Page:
National Climate Summary – May 2005
Wednesday June 1 2005
National Climate Summary – May 2005
Rainfall: Record high rainfall in the Bay of Plenty Temperature: Well above average throughout much of the North lsland, warm also in the north of the South Island Sunshine: Above average in the south of the South Island
While record rains lashed Bay of Plenty in May, the South Island received above average sunshine. The month was very warm over the North Island and northern South Island. There were two extremely high rainfall – flood producing events in the Bay of Plenty region over 3-4 and 17-18 May, both affecting Tauranga, and the latter devastating the coastal township of Matata.
Tauranga with 634 mm (695 percent of normal) had its wettest calendar month for any time of the year in more than a century, including its heaviest 1-day rainfall on record (347 mm on the 18th).
It was also very wet in Coromandel and parts of Hawke’s Bay. Soil moisture surpluses occurred in Bay of Plenty, the south and east of the North Island and in Marlborough. The national average temperature for May was 11.4°C, 0.7 °C above average.
May was very much warmer than usual in the North Island. However, temperatures were below average along the south Canterbury/Otago coast. Sunshine hours were well above average in inland south Canterbury and coastal areas of both Southland and Otago. However, they were below average in Waikato, King Country, along the Kapiti Coast, and in West Otago.
During May, depressions (‘lows’) were often centred northwest of the North Island. Most anticyclones (‘highs) occurred well away to the east or west of the country. More frequent northeasterlies occurred over the North Island and north of the South Island, contributing to the very wet conditions over much of the North Island.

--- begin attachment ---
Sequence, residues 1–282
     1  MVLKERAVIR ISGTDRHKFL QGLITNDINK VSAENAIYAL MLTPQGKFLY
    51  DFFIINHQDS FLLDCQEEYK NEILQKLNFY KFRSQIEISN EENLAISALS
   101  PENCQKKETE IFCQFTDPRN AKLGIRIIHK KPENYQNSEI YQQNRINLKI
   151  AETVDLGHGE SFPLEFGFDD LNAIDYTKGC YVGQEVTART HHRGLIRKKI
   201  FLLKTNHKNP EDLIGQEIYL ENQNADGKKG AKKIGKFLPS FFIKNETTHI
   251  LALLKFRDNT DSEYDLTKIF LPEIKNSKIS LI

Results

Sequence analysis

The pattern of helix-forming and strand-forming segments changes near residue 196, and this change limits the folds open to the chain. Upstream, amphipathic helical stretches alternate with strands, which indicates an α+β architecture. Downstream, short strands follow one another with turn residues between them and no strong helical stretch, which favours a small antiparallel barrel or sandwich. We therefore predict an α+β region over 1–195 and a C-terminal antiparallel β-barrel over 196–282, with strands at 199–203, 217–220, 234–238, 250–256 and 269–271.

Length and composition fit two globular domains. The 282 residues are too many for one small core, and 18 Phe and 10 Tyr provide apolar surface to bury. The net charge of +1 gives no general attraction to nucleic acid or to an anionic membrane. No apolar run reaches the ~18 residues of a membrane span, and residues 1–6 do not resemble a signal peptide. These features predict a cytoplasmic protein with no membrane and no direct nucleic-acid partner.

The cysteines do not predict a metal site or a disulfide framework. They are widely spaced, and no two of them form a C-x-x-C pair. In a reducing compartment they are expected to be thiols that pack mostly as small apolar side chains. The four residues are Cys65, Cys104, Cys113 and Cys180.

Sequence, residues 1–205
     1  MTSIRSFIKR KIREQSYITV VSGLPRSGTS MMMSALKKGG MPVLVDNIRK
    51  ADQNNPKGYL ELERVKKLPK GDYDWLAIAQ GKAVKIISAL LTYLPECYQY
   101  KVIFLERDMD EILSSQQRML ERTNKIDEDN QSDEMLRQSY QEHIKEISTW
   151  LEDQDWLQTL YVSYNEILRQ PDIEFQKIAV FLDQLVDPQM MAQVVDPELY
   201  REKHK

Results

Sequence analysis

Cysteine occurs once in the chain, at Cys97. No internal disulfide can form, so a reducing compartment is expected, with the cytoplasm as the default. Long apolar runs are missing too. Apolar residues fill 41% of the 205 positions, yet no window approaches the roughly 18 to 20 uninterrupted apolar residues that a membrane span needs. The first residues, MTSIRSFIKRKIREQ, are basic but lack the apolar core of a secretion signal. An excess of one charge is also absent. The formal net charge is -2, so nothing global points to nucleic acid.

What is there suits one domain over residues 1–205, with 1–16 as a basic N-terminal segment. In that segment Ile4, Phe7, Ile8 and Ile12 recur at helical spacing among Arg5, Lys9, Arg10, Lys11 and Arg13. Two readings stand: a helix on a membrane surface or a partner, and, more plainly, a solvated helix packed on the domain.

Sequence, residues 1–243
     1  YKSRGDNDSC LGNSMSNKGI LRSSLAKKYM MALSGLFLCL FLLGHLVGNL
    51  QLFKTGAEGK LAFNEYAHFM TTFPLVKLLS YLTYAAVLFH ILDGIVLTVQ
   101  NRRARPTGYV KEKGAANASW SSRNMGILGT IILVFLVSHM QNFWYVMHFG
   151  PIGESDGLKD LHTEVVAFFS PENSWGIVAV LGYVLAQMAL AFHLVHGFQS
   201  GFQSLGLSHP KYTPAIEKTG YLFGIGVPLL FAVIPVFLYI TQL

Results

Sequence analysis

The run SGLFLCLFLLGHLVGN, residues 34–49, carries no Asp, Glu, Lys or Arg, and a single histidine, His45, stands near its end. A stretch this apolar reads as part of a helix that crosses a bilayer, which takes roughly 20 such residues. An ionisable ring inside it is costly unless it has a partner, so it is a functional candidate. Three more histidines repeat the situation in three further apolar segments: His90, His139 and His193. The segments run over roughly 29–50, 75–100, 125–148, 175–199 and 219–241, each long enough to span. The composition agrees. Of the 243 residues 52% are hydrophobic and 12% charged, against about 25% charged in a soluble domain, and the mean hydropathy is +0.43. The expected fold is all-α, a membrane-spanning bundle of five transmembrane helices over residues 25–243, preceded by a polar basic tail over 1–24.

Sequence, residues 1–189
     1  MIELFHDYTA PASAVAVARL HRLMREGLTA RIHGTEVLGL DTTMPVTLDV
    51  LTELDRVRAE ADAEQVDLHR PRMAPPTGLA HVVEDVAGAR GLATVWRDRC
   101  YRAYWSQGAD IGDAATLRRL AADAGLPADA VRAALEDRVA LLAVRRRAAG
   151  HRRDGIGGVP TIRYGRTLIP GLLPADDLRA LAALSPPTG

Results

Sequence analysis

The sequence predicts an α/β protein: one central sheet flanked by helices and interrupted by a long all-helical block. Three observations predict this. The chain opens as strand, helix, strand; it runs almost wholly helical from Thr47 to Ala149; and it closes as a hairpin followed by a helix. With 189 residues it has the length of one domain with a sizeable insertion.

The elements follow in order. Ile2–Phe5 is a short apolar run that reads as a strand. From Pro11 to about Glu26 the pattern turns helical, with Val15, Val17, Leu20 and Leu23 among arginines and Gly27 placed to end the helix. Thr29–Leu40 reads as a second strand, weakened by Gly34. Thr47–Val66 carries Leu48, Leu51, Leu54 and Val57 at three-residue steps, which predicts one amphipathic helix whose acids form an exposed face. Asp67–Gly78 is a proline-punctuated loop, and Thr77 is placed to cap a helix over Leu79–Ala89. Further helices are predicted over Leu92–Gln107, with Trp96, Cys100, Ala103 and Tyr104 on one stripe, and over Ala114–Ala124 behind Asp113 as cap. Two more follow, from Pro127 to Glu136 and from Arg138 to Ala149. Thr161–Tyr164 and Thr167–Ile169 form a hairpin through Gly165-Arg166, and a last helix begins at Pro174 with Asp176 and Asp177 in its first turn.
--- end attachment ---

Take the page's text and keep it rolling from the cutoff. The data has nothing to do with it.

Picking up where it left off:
Other Highlights: The highest temperature during May 2005 was 23.6°C recorded at Henderson (Auckland) on the 2nd. The lowest temperature for the month was -6.7°C, recorded at Ranfurly on the 18th.
Of the four main centres Dunedin was the driest, and Auckland the warmest. Rainfall was below average in Dunedin, but above average in the three other main centres. Temperatures were above average in Auckland, Wellington, and Christchurch, and below average in Dunedin. Sunshine hours were above average in Dunedin and near average in the other main centres.
Rainfall: Rainfall was at least 250 percent of normal in Bay of Plenty. It was also very wet in Coromandel and parts of Hawke’s Bay with totals of at least 200 percent of normal.
Rainfall was also above normal in Auckland, Waikato, Taranaki, Gisborne, Wellington, Marlborough, and parts of Northland and north Canterbury. Totals were less than 75 percent of normal in parts of Buller and Otago. Temperature: May was very much warmer than usual, with mean temperatures 1.0 to 1.5°C above average over much of the North Island, as well as much of Marlborough and Nelson.
The largest anomalies were in the central North Island, where mean temperatures were about 2.5°C above average. Temperatures were also above average in Buller, Westland, and north Canterbury. They were below average along the south Canterbury/Otago coast. Sunshine: Sunshine hours were well average in inland south Canterbury and coastal areas of both Southland and Otago. However, they were about 80 percent of average in Waikato, King Country and along the Kapiti Coast. It was also sunny in coastal Otago.
EXTREMELY HIGH RAINFALL IN BAY OF PLENTY
Rainfall was at least 250 percent of normal in Bay of Plenty (Tauranga recorded almost 700 percent of normal), due to the extreme high intensity rainfall events of 3-4 and 17-18 May. It was also very wet in Coromandel and parts of Hawke’s Bay with totals of at least 200 percent of normal. Rainfall was 125-200 percent of normal in Auckland, Waikato, Taranaki, Gisborne, Wellington, Kapiti, Marlborough, and parts of Northland and north Canterbury. In contrast, rainfall was less than 75 percent of normal in parts of Buller and Otago.
Near or record high May rainfall was